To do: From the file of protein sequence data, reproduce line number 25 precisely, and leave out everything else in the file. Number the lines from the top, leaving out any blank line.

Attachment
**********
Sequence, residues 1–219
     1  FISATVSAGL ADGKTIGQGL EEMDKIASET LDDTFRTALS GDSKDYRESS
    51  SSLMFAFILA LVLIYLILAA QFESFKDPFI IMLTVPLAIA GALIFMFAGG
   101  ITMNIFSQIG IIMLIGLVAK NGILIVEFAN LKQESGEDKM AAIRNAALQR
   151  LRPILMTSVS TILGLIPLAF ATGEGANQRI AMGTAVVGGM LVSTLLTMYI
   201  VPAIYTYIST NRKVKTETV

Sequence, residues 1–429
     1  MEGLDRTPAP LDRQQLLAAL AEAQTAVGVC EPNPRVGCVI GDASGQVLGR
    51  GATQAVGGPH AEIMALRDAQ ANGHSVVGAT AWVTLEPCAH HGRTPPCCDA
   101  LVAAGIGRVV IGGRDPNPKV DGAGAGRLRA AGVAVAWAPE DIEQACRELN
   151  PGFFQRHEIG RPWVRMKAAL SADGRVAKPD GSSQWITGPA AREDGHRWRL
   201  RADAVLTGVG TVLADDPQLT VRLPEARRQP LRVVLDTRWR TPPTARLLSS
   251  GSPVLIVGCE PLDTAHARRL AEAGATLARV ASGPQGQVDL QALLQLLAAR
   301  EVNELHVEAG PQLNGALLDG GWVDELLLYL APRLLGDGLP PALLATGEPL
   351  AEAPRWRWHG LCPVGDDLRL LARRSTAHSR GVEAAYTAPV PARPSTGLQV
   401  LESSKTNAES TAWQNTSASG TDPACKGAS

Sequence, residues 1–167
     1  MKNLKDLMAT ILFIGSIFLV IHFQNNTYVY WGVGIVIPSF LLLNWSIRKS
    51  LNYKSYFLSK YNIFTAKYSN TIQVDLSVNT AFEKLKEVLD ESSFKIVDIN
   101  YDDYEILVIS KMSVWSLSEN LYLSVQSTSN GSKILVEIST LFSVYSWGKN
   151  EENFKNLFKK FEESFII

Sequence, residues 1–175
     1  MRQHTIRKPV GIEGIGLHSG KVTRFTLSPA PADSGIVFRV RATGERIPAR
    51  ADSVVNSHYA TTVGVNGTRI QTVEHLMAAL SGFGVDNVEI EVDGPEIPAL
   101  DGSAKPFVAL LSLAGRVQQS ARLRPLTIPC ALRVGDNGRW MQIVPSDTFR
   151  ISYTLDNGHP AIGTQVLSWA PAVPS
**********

   101  DGSAKPFVAL LSLAGRVQQS ARLRPLTIPC ALRVGDNGRW MQIVPSDTFR